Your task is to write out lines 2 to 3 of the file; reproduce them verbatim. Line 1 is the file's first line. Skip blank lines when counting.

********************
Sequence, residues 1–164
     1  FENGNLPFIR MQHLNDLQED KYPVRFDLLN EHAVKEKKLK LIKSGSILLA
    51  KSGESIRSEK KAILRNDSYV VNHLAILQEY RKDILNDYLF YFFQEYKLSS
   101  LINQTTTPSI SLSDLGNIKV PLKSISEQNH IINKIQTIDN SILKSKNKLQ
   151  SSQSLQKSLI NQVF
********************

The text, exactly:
     1  FENGNLPFIR MQHLNDLQED KYPVRFDLLN EHAVKEKKLK LIKSGSILLA
    51  KSGESIRSEK KAILRNDSYV VNHLAILQEY RKDILNDYLF YFFQEYKLSS